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Southeast Region

southeast-minnesota-mapSoutheast Minnesota is a health care and agricultural powerhouse. The region is home to the renowned Mayo Clinic and some of the world's most recognized food companies and brands.

Advanced manufacturing is especially strong here, with machinery, chemicals, and electronics among the top products.

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Analyzing Occupation Data to Address Racial Disparities

9/9/2020 9:00:00 AM

Occupational demand data is an important workforce development tool in Southeast Minnesota and the rest of Minnesota. This data can be used by job seekers to help narrow their job search and plan for their first career or help them move into a new one.  When viewed in light of educational attainment data by race, this occupational demand data can also reveal the potential for widespread economic disparities by racial group, based on educational attainment.

Table 1. Southeast Minnesota Occupations in Demand and Annual Wages by Education Level (Median Annual Wage)
Less than High School High School or Equiv. Some College or Associate's Degree Bachelor's Degree or Higher
Personal Care Aides ($25,816) Heavy & Tractor Trailer Truck Drivers ($45,900) Registered Nurses ($76,167) Elementary School Teachers ($58,908)
Combined Food Prep. & Serving Workers ($24,073) Supervisors of Retail Sales Workers ($41,483) Nursing Assistants ($33,876) Secondary School Teachers ($65,057)
Retail Salespersons ($26,360) Welders ($41,181) Machinists ($45,810) Software Developers, Systems ($95,225)
Cashiers ($25,349) Teacher Assistants ($32,094) Licensed Practical Nurses ($48,401) Industrial Engineers ($81,973)
Stock Clerks & Order Fillers ($28,256) Supervisors of Food Prep. & Serving Workers ($36,710) EMT's & Paramedics ($38,092) Middle School Teachers ($56,400)
Janitors and Cleaners ($30,833) Office Clerks, General ($35,088) Industrial Machinery Mechanics ($53,107) Software Developers, Applications ($92,109)
Home Health Aides ($28,662) Secretaries & Admin. Assistants ($36,994) Surgical Technologists ($59,643) Nurse Practitioners ($124,871)
Waiters & Waitresses ($24,154) Shipping, Receiving & Traffic Clerks ($36,319) Hairdressers, Hairstylists, & Cosmetologists ($26,439) Computer & Info. Systems Managers ($119,561)
Laborers & Freight, Stock & Material Movers ($34,327) Maintenance & Repair Workers, General ($43,941) Radiologic Technologists ($75,534) Accountants & Auditors ($63,630)
Cooks, Restaurant ($27,885) Sales Reps. - Wholesale & Mfg. ($59,850) Police & Sheriff's Patrol Officers ($66,334) Human Resources Specialists ($57,923)
Source: DEED Occupations in Demand

DEED's Occupations in Demand data shows the relative level of demand that exists for jobs in the region. This list can be sorted by educational level required to obtain employment in these occupations. For example, people with a high school diploma can narrow their job search to careers that require a high school diploma or equivalent, as can those with some college or an Associate's degree and those with a Bachelor's degree or higher. This data also provides median wages for these occupations, which may help individuals decide if taking a job in a certain occupation is a viable option financially.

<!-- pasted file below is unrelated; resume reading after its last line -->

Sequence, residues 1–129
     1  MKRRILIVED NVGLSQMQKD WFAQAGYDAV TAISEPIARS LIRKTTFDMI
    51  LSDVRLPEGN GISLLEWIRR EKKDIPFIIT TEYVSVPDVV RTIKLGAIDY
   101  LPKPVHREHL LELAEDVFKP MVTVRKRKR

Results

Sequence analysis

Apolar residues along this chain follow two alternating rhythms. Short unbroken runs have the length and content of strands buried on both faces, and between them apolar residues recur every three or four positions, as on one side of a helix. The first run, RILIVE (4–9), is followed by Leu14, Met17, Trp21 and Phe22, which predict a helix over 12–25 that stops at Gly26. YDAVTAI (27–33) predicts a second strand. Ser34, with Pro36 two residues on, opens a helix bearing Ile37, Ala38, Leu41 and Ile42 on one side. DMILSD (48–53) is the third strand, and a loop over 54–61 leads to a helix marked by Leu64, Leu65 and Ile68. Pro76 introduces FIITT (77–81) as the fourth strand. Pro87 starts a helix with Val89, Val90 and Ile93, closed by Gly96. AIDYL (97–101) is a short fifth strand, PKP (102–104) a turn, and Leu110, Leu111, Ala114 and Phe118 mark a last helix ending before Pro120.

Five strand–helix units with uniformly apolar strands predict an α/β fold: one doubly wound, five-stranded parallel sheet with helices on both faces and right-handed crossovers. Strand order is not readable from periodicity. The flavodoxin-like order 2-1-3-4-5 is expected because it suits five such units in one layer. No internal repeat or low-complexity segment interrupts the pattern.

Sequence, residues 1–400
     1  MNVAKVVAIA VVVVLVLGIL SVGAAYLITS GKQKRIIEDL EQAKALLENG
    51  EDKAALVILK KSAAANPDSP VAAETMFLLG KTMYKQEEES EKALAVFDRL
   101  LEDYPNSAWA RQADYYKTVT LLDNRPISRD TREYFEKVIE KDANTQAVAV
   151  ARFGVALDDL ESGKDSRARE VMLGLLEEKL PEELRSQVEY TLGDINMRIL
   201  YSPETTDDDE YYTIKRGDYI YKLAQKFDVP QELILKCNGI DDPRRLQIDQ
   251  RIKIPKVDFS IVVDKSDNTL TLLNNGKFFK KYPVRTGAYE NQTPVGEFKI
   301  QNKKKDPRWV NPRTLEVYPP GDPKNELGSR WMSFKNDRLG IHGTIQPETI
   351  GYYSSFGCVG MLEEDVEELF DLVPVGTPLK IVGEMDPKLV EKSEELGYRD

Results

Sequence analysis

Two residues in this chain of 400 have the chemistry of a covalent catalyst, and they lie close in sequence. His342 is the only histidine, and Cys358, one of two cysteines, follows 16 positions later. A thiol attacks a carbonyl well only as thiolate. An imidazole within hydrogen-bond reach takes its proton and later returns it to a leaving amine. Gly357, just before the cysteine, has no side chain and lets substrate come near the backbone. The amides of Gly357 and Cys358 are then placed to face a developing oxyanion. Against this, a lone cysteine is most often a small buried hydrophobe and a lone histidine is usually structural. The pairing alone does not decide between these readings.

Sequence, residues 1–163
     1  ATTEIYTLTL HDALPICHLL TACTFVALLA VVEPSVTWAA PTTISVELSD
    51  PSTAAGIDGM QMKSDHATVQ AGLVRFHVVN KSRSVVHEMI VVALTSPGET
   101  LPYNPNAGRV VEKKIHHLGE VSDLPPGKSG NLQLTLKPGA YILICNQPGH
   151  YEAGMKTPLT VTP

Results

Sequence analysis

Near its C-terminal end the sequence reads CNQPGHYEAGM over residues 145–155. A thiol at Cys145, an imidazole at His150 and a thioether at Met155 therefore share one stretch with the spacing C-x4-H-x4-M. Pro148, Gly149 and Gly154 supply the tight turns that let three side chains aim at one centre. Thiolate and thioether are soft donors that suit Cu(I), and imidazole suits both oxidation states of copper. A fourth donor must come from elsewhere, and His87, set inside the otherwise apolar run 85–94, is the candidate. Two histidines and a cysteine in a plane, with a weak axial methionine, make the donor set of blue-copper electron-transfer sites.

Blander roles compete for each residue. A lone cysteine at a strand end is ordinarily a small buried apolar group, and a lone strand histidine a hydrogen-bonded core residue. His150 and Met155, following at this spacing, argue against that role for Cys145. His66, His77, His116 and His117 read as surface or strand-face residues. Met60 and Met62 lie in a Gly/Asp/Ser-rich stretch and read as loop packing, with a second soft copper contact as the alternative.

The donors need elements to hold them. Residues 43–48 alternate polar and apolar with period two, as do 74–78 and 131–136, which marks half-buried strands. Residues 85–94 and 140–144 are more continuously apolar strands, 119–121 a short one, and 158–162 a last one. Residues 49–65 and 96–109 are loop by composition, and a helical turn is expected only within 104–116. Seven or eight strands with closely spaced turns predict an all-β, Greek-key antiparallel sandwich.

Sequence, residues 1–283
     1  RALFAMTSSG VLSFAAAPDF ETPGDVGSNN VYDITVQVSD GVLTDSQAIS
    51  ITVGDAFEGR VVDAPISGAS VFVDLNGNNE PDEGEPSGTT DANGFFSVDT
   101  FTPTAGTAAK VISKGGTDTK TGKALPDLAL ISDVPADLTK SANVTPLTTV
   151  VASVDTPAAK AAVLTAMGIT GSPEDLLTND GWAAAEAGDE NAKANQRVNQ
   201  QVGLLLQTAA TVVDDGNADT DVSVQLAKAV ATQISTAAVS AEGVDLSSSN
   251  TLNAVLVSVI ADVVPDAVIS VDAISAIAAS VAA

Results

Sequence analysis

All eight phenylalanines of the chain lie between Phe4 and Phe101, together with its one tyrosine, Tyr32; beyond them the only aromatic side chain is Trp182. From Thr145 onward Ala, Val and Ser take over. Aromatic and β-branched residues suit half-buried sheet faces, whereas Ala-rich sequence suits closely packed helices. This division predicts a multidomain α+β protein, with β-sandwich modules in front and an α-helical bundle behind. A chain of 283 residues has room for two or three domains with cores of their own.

When looking at the education and wage breakdown, the data shows that much of the time earning higher educational credentials leads to higher earnings. For example, among the top 10 in-demand occupations that require less than a high school diploma, median wages range from just over $24,000 for waiters and waitresses to $34,327 for laborers and freight, stock and material movers. In comparison, the wages for those with some college or an Associate's degree range from $26,439 for hairdressers, hairstylists and cosmetologists to over $76,000 for registered nurses. However, higher education does not always equate to higher earnings. For example, radiologic technologists with an Associate's degree earn higher median wages than do elementary and secondary school teachers with a Bachelor's degree. See Table 1.

Upon looking at regional educational attainment data by race, we can see that certain race and ethnic groups have higher concentrations of people with less than a high school diploma. For example, among Black or African American residents in the region, 24.7% have less than a high school diploma, for those identifying as Hispanic or Latino that percentage is 37.7% and for those who identify as Some Other Race, almost half are at this education level. Comparatively, only 6.1% of the White population in the region have this lowest level of educational attainment. In addition, only 8.4% of those identifying as Some Other Race and 7.5% of American Indians have a Bachelor's Degree or higher, compared to 30.7% of their White counterparts. See Figure 1.


In light of this, we can see how certain racial and ethnic groups that are more highly represented by having lower educational attainment may only be able to obtain employment in those occupations that require this level of education. And while some of these occupations may be in-demand, as shown in Table 1, the earnings potential exhibited by median wages for the occupations that require this low level of educational attainment can yield income disparities based on race and ethnicity.

Lower levels of educational attainment in certain racial and ethnic groups in Southeast Minnesota, can lead to income disparities. A person's ability to obtain employment in an in-demand and higher-paying occupation may be stifled based on fewer educational opportunities and subsequent lower educational attainment. The key question we as a region should be asking ourselves is "what can be done to alleviate these racial and ethnic inequities?"

For More Information

Contact Mark Schultz.

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